Divorce in a Difficult Economy

Couples that are contemplating divorce may be hesitant to begin the process while the economy is uncertain. They may worry about overwhelming debt; child and spousal support; keeping their jobs; the health of their stocks and bonds; and especially the housing market.

Much of Illinois has been hard hit by the economic downturn. While Illinois couples who wish to divorce do not have to postpone their plans, they should take the economy into consideration when they craft the terms of their divorces. Some divorce attorneys have adapted to the present circumstances, taking a more comprehensive approach.

The Need for Creative Solutions

The emotional aspects of divorce are challenging, but the economic side can be just as troublesome. The unpredictable economy has changed certain assets into burdens. Houses that were once rising in value have come to be worth less than their mortgages. Stock portfolios that were a source of comfort have dropped farther than anyone could have imagined. Even employment that seemed likely to last until retirement is no longer reliable.

It is possible to go through a divorce without financial devastation, but the fundamentals of divorce – child support, child custody, spousal support and division of assets and debts – must be revisited to accommodate the realities of the economy. An attorney who provides proactive analysis and creative drafting will offer invaluable support.

Renegotiating Debt

When couples that have debt divorce, typically the debt is divided between them – sometimes equally, sometimes not. Factors that affect the division of debt include the earning power of each spouse, the assets of each and when the debt was incurred. The division of debt can have a pronounced effect on the tax liabilities and financial health of both parties.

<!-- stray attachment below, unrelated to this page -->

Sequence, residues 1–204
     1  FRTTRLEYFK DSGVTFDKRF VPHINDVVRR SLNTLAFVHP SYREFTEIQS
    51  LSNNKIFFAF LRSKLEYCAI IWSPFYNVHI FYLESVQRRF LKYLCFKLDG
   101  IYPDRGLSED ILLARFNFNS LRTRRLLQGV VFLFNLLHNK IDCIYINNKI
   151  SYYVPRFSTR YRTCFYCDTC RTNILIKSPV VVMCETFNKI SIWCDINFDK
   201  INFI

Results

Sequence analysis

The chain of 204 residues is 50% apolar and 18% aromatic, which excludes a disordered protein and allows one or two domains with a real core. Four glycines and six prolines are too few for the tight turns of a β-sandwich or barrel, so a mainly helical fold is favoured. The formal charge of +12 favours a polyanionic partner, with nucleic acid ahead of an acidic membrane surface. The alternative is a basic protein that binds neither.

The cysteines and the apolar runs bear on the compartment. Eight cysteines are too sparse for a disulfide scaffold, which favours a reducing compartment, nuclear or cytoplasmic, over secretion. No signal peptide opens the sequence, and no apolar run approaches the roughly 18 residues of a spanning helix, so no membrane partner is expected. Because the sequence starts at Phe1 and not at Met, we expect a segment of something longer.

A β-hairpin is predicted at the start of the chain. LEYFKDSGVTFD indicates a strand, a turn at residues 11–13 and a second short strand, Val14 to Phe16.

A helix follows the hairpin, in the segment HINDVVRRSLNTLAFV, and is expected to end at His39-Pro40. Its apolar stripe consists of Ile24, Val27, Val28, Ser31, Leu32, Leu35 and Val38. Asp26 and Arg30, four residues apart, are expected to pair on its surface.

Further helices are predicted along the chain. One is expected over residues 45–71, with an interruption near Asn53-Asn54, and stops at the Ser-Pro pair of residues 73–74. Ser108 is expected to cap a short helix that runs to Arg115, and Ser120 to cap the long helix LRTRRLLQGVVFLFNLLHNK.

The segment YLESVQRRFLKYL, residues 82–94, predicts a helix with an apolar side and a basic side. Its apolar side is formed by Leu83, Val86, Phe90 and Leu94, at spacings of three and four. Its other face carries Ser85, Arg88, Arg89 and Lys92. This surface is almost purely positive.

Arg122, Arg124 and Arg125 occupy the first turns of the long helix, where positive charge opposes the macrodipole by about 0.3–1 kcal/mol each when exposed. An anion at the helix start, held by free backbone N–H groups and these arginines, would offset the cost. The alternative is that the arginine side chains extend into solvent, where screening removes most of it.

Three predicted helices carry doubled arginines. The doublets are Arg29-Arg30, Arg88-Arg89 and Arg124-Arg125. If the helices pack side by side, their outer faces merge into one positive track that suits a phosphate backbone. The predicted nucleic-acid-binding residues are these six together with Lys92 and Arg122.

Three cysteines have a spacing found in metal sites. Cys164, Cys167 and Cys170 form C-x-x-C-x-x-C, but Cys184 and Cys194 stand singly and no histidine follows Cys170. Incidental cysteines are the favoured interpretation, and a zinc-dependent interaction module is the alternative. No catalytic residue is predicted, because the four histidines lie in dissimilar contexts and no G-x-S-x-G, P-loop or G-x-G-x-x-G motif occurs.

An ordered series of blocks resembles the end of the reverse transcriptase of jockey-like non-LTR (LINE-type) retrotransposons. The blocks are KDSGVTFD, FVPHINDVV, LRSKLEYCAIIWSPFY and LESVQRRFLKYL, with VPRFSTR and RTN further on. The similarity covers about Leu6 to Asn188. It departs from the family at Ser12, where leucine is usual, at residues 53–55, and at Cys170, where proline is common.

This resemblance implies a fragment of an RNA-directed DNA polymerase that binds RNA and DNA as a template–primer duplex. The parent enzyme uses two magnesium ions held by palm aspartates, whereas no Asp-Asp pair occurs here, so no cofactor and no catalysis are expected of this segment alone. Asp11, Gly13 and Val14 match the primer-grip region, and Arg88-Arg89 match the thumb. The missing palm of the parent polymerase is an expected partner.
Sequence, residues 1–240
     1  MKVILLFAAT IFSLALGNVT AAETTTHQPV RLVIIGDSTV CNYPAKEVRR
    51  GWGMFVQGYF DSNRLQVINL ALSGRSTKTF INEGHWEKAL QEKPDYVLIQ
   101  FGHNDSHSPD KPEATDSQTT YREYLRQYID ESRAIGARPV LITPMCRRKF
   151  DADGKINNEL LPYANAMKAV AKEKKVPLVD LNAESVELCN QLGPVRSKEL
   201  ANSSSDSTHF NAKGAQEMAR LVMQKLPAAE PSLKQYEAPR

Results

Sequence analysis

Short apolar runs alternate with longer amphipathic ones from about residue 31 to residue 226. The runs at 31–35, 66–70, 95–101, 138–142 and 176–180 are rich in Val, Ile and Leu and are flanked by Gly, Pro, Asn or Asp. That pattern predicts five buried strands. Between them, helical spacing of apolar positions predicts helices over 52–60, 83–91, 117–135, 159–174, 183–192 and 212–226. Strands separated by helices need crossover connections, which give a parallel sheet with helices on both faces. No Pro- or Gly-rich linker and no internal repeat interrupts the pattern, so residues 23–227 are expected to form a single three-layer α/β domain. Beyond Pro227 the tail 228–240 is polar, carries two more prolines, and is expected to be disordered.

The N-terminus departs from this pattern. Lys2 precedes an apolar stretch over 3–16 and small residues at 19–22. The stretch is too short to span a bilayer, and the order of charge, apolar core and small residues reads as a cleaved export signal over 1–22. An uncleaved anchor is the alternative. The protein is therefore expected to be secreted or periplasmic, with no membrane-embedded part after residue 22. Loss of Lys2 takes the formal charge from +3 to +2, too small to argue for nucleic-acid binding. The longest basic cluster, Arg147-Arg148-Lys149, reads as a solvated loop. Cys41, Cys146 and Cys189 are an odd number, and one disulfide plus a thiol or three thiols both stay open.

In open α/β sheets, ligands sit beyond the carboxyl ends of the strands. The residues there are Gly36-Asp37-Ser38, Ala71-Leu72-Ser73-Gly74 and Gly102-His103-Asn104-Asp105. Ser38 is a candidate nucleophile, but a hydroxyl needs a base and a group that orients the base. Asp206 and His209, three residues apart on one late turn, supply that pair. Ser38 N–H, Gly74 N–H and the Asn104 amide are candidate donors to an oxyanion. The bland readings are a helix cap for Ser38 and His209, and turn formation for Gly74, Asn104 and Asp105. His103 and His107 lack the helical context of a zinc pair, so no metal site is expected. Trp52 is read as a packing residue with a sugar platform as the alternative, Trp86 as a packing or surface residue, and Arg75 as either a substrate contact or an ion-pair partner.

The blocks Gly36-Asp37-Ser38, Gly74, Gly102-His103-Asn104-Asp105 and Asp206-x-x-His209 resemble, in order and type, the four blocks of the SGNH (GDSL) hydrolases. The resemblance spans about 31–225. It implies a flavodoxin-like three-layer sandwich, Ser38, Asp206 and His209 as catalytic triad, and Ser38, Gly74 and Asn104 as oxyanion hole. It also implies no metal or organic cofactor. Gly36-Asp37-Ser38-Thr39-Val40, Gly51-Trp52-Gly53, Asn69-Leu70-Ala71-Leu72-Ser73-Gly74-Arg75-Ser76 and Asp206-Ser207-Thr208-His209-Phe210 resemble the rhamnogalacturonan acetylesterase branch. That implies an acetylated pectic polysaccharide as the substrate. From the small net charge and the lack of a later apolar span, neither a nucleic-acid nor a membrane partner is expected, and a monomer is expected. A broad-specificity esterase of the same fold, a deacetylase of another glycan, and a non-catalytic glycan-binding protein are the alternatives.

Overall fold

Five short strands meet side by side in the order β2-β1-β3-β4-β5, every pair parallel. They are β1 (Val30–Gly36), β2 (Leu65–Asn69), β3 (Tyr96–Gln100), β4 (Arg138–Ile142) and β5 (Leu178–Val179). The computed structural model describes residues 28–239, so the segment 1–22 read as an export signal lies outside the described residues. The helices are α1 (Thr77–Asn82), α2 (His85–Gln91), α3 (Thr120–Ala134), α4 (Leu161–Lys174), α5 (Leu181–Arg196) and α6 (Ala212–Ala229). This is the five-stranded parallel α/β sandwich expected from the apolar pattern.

It is not unusual for couples to have a significant amount of credit card debt. Often it is feasible for an attorney to renegotiate that debt with creditors, securing lower interest rates and other favorable terms.

It is important to remember that, once the debt is divided, each partner should attempt to remove his or her name from the debt of the other. This will prevent, for instance, a former spouse from having a lien placed on the home while only the other former spouse is living there.

Avoiding Foreclosure

Financial institutions are well aware of the problems that many homeowners are experiencing with paying their mortgages. With this reality, some institutions are willing to renegotiate the terms of loans in order to better accommodate customers and avoid foreclosure.

Further, a divorcing couple whose home is already in foreclosure may not realize that the foreclosure process does not happen quickly. There may be time to negotiate with the bank or at least stay in the home as the foreclosure process continues.

Tax Implications

It is wise to understand how divorce and the resulting financial decisions will affect taxation. This is one reason an attorney’s advice is so valuable.

A house that is sold in a short sale (for less money than the couple owes on the mortgage) could bring up unanticipated tax consequences.

In addition, spousal support, also known as alimony in Oklahoma, is tax deductible for the person who pays it and taxable for the person who receives it. On the other hand, child support is neither tax deductible for the payor nor taxable for the recipient. This may be an important consideration when one of the spouses is the primary wage earner.

Finally, the transfer of a home to just one former spouse upon divorce usually does not incur taxes for that spouse, but consulting an Oklahoma attorney for alimony is best because the law may vary according to the specific situation and location

Extending the Time Frame for Division of Portfolios

A couple that owns stocks, bonds, and other investments traditionally divides those assets at the time of divorce. With the significant changes in the markets, however, most of these assets are not worth what they once were.

Rather than making a final disposition upon divorce, the former spouses may decide to share in the gains and losses associated with the investments for an extended period of time. This requires an analytical approach as to the nature of the assets, the long-term goals of the divorcing parties and their willingness to potentially participate in what could best be described as a “joint venture.”

Divorce Is Not Unattainable

Couples for whom divorce is the right option should not have to remain together merely because of the economy. With smart planning, some creativity and the assistance of diligent attorneys, they can find their way through this complex process.